The Little Story that Could

So, turns out I’m writing the Never-Ending Story.

No – not this one (unfortunately):

Image: ncwardwebb.blogspot.com

Image: ncwardwebb.blogspot.com

What I mean is, I’m finding myself wondering who’s in control of my brain lately – me, or a certain Miss Emmeline Widget, aged nine-and-three-quarters. At the moment, it’s Emmeline 1, me 0.

For some reason, I have been writing lots of words over the past week or so. Every day I sit down to work a little more on ‘Emmeline’, telling myself ‘Yup. This is definitely going to be the day. This day will be the day you’ll finish this darn book.’ But it just doesn’t happen. Words keep coming, squeezing out of my mind like toothpaste out of a near-empty tube.

Just when I think I have a handle on what’s going on, I find the plot deciding to take another jaunt down Unexpected Avenue, ending up at a place I didn’t know I was going until I got there. I’m not saying this is a bad thing; it’s actually a whole lot of fun. However, it does make it hard to know how I’m going to trim enough out of the book – once that mystical place known as ‘Done’ has been reached – to make it sit neatly inside an acceptable word count. At the rate I’m going, I’ll need to shed something like 10,000 words, and that will hurt. A lot.

I’ve been trying to just forget about all of this and go with the flow, putting the words down as they come to me and not caring about anything else. This, however, is not something that comes easily to me. I have always wanted to be a tie-dye, flower-haired, ‘all-is-one-here-have-a-crystal’ type, but really I have the soul of a person who wears all their pens in their top pocket and who likes to know What Is Going On at every given moment. So, the fact that I am dealing with a recalcitrant book which is, apparently, telling me who’s boss, is a bit uncomfortable.

Image: jamesclear.com

Yes, yes. But which one is the writer, and which one the book? *That* is the question. Image: jamesclear.com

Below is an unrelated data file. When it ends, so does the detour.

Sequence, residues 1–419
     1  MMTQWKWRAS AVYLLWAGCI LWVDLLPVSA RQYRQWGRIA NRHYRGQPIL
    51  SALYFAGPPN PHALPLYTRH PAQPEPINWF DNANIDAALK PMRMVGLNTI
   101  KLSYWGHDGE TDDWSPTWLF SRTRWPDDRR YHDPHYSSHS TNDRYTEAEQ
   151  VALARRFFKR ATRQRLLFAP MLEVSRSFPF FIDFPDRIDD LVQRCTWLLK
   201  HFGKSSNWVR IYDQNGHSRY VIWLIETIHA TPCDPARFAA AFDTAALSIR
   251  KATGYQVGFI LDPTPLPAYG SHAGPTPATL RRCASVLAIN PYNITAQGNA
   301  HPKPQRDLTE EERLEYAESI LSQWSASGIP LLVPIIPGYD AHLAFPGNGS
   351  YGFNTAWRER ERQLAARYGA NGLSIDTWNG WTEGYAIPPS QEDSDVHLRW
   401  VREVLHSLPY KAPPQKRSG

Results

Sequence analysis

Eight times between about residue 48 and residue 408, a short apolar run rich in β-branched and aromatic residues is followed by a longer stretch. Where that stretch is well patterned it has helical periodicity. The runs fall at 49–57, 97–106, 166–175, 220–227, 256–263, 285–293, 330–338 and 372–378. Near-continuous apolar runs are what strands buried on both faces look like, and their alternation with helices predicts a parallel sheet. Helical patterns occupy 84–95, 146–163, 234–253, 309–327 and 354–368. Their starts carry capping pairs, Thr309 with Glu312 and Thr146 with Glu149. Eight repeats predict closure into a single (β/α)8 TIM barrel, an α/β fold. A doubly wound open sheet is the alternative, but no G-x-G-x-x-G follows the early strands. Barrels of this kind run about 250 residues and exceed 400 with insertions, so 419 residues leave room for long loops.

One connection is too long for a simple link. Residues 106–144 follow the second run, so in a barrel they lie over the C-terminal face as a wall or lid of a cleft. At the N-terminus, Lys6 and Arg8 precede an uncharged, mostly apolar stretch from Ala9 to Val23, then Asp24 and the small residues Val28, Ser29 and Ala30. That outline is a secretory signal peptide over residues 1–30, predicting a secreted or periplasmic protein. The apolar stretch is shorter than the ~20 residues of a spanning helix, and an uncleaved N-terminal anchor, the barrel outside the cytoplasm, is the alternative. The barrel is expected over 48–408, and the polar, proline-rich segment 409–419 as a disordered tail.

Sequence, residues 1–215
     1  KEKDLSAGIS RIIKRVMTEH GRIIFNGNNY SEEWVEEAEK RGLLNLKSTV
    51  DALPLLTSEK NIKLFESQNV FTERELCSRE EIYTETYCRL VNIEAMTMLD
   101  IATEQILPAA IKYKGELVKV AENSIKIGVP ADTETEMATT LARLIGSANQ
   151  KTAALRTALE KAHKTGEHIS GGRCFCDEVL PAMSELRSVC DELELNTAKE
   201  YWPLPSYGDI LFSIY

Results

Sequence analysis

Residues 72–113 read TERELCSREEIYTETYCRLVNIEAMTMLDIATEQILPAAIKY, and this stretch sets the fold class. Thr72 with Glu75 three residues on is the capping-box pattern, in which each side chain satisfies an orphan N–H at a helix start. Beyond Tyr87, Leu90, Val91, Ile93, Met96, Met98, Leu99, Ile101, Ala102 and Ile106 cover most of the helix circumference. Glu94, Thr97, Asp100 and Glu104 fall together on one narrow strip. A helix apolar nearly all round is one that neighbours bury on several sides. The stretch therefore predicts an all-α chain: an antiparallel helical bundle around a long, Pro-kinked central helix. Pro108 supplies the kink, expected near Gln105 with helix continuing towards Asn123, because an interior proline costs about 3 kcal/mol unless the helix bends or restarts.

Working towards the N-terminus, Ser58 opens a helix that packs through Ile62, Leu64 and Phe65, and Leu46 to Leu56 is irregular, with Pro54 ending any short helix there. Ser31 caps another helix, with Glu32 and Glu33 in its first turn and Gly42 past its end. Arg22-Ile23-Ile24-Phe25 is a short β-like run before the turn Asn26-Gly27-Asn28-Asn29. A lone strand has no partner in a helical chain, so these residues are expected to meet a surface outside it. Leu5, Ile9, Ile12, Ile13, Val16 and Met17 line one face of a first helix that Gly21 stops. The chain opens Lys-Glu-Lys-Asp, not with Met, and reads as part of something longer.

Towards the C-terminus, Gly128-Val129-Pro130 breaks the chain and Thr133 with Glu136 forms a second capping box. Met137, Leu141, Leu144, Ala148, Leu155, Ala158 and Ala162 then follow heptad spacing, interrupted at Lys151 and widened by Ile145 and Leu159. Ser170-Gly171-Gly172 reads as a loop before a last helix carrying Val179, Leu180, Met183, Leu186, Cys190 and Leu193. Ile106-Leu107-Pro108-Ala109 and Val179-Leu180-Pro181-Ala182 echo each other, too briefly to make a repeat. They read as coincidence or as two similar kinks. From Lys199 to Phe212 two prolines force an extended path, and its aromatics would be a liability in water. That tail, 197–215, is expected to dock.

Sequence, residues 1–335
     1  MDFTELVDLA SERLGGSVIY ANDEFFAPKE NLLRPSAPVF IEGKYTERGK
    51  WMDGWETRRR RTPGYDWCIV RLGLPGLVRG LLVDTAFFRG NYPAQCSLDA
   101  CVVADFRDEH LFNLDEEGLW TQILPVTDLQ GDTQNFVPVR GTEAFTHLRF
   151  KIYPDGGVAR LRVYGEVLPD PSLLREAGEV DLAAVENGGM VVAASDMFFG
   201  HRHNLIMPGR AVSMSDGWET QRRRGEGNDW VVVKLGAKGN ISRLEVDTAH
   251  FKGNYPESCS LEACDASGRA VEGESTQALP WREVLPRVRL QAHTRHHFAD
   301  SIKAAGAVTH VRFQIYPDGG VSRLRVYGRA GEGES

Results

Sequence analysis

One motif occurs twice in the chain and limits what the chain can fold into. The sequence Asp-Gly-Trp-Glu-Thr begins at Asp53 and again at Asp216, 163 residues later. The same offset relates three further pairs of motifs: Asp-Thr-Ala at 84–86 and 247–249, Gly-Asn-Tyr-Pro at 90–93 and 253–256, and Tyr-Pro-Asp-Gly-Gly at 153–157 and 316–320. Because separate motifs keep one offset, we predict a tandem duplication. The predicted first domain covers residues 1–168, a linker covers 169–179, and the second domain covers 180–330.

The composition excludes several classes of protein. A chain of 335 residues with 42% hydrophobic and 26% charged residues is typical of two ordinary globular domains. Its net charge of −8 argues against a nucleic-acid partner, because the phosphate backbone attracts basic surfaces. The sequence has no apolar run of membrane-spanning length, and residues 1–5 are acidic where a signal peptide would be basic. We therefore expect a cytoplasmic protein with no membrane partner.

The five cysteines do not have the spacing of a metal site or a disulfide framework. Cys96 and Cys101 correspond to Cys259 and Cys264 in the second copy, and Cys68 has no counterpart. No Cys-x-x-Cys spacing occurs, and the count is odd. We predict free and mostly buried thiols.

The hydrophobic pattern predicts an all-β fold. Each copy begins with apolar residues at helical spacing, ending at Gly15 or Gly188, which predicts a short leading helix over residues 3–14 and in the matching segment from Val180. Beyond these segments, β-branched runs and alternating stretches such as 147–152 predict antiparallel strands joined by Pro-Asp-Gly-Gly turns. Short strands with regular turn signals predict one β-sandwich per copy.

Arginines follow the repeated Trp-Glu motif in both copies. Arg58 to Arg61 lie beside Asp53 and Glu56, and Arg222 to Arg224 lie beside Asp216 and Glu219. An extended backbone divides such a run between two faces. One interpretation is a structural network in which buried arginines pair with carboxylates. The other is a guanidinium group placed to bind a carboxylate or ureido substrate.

It’s all part and parcel of being a pantser, I suppose. I certainly feels a lot freer than trying to write within a rigid plot, but with great freedom comes great terror, sometimes.

But perhaps it’s not all my fault. I reckon a portion of the blame has to lie with my fictional folk, too. Call me crazy, but I’ve often felt that characters in books have more of a life than anyone suspects. It really does feel, to me, that Emmeline and her friends just aren’t finished playing yet, and they won’t allow their story to come to an end – not until they’re good and ready, at least. If that’s the case, then what’s a writer to do but hang on and hope for the best? I hope that this is a good thing – as in, when I read my work over in the weeks to come, that it won’t seem drawn out, or extraneous, or ‘puffed up’ for effect; I hope that the story I’m telling will be fast-moving, exciting, interesting, fun (except for the scary bits), and as good to read as it was to write. If the writing process feels a bit out of control, the worry is – of course – that the reading experience will feel much the same.

But I won’t know that for a few weeks yet, of course. Perhaps, if things carry on the way they’ve been for the past while, I may never know.*

I’m sure there are people who think that sitting down to write every day must be the most boring thing imaginable. ‘What – you spend hours staring at a computer screen, by yourself, listening to the voices in your head, and staring at the wall when you need a rest from the sheer overwhelming excitement? Wow.’ To those people, I say: ‘Actually, it’s rather like being at the helm of a ship in a storm-tossed sea, with no land in sight. You’re the captain, and you think you know what you’re doing, but the waves have other ideas – and, no two are the same.’

Land’s not in sight yet, not for me at least. But – so far – the voyage has been worth it.

Image: devwebpro.com

Image: devwebpro.com

I’m off to do battle with my book once more; wish me luck, do. Perhaps today will be the day I bring her into harbour.

(All right – enough with the nautical metaphors. Tally-ho!)

 

*Of course, I don’t mean this. The first rule of writing, as everyone knows, is ‘Finish Your Work.’ This is truth. I will finish ‘Emmeline’, and the work will be done, and it shall not defeat me. But sometimes it’s hard to remember that when the book has you in a choke-hold. Anyway.

2 thoughts on “The Little Story that Could

    1. SJ O'Hart Post author

      Hell, yeah. To both questions. 😀

      I have no idea what I’m doing, but then that describes most of my life. And yes, of course I’d do it again. I hope to do it again and again and again for the rest of my life. With any luck. *crosses fingers*

      Thanks so much for stoppin’ by. xx

      Reply

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